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Feel the Roots

by Vivian Morelli

Special To The Japan Times

What do you get when you mix prehistoric Jomon Period ruins and free-spirited, improvised percussion and rhythm? Jomon Trance, that’s what. A genre coined by global music group RaBiRaBi, it’s a sound that “blends the ancient and the future to create a new ceremonial space.”

If your chakra has started tingling then that should set the tone for the upcoming Feel the Roots festival in Aomori Prefecture, which features a handful of sound artists and art collectives. What makes this event stand out from other summer music festivals is its location: the Sannai-Maruyama site, home to the (fairly) recently discovered Jomon ruins. Rewind back to 1992, when excavations to survey a site for a planned baseball stadium revealed relics of the Jomon Period, which took place from around 14,000 BC until 300 BC.

Now designated as a World Heritage site, the spot hosts music and art, amid its long houses, pit-dwellings, and pillar-supported structures. Headliner RaBiRaBi promises a sound trip that exceeds borders, race, time and space, with notes collected from its past field recordings, traveling as far as Canada and South Korea to hone their sound.

Another performance to look forward to at Feel the Roots is by didgeridoo prodigy Goma, a hip-hop DJ who mastered the indigenous Australian wind instrument (he was the first non-Aboriginal player to win the Northern Land Council Prize at the 1998 Arnhemland Barunga Didgeridoo Competition). Goma will play alongside The Jungle Rhythm Section, who will be adding Afrobeats to the vibrations of the didgeridoo for a danceable stint.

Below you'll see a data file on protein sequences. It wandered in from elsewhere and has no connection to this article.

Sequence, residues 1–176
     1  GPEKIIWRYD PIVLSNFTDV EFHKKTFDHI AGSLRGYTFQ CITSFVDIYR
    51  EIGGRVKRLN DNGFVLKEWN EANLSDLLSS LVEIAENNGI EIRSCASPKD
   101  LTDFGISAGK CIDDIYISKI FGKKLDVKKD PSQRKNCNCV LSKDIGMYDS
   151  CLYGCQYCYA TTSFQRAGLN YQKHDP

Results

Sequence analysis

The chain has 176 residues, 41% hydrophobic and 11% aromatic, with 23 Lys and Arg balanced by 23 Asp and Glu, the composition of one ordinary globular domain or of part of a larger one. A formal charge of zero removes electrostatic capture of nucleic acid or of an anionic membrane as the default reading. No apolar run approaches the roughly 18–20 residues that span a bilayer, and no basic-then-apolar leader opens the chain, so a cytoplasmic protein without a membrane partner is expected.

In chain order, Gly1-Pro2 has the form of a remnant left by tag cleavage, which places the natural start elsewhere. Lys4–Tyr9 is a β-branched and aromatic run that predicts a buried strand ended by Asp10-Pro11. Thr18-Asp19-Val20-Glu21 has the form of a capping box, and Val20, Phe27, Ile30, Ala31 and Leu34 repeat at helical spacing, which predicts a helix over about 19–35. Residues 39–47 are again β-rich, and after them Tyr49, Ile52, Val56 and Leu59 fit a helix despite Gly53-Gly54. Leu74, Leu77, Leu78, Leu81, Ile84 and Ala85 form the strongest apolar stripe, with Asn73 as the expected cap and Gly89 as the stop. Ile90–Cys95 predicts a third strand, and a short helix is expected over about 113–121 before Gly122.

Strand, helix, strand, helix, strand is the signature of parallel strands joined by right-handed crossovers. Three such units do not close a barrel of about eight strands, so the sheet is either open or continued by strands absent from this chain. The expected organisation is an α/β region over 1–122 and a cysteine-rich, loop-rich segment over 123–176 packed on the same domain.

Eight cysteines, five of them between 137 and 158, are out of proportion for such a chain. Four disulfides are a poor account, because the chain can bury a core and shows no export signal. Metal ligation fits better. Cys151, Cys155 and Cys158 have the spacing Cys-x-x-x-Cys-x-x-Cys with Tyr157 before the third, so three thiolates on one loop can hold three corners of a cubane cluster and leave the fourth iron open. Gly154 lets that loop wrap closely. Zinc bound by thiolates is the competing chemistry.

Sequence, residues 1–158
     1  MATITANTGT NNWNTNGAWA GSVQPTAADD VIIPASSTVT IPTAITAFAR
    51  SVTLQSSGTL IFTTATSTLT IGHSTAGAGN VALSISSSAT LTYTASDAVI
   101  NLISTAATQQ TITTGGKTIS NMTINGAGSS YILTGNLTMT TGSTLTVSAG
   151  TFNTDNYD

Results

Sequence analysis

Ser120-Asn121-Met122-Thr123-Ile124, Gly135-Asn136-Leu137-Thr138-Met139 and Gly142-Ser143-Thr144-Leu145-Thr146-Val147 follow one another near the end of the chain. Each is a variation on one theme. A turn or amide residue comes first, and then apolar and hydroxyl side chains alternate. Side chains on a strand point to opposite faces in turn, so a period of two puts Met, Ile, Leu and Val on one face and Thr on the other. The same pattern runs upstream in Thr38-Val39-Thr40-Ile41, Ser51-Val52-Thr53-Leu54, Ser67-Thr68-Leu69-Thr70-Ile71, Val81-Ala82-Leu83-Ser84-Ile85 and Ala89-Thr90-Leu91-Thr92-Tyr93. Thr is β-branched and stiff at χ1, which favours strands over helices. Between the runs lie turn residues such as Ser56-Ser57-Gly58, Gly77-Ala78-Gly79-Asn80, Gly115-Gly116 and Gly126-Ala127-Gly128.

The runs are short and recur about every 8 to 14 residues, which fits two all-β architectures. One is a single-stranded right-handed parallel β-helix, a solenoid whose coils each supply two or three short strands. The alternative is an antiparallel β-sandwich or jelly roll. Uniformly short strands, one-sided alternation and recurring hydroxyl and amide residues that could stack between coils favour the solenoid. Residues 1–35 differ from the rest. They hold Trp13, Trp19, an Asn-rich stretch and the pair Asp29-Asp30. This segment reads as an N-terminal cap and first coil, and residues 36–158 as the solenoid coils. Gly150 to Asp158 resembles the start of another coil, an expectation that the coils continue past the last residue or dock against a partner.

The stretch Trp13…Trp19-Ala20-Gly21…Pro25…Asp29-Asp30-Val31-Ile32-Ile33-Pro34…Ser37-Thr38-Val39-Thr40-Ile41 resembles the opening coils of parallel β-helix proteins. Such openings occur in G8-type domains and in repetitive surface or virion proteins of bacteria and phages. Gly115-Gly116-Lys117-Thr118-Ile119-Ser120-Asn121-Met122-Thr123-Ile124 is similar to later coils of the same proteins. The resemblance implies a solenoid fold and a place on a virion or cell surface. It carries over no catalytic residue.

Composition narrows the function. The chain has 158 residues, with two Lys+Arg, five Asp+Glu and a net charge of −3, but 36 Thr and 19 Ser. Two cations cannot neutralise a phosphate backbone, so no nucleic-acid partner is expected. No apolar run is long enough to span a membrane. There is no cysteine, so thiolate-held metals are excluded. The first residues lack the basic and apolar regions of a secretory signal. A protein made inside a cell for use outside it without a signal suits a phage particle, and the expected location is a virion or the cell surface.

Other noteworthy acts include Aomori locals indie-pop group The Earth Earth — released on the Seattle-based Jigsaw label — reminiscing of indie act The Pains of Being Pure at Heart, as well as an improvised performance by Kuniyuki Takahashi.

The festival extends its scope far beyond the music: don’t miss the light installation by Mirrorbowler, an art collective that creates a space of light and reflection using mirror balls, and a Jomon workshop comprising arts and crafts.

Expect a clean, hippie vibe and low environmental impact in harmony with the historical site, and a gathering for families and free spirits alike. Take off your shoes, hop on a train to the north, and unearth the mysteries of Jomon Trance.

Feel the Roots 2012 take place at the Sannai Murayama historical site in Aomori on Sep 8 (12 noon; entrance is free). For more information, visit www.feel-the-roots.com.Feel the Roots